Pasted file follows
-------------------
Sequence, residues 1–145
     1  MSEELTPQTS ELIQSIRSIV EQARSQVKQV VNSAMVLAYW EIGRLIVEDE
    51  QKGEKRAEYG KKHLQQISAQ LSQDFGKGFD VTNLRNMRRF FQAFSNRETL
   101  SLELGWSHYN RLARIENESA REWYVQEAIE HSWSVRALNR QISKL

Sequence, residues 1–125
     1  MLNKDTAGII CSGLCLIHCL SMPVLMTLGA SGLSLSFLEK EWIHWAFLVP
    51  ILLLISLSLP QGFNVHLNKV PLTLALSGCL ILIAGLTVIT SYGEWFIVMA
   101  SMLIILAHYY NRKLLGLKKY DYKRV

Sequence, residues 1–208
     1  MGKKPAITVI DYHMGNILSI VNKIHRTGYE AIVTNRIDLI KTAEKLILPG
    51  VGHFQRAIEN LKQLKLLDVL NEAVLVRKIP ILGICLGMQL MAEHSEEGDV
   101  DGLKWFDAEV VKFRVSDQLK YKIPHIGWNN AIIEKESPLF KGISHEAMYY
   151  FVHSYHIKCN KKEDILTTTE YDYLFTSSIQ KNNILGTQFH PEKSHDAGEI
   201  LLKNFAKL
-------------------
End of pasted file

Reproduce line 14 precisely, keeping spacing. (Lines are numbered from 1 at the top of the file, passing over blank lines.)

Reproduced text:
   201  LLKNFAKL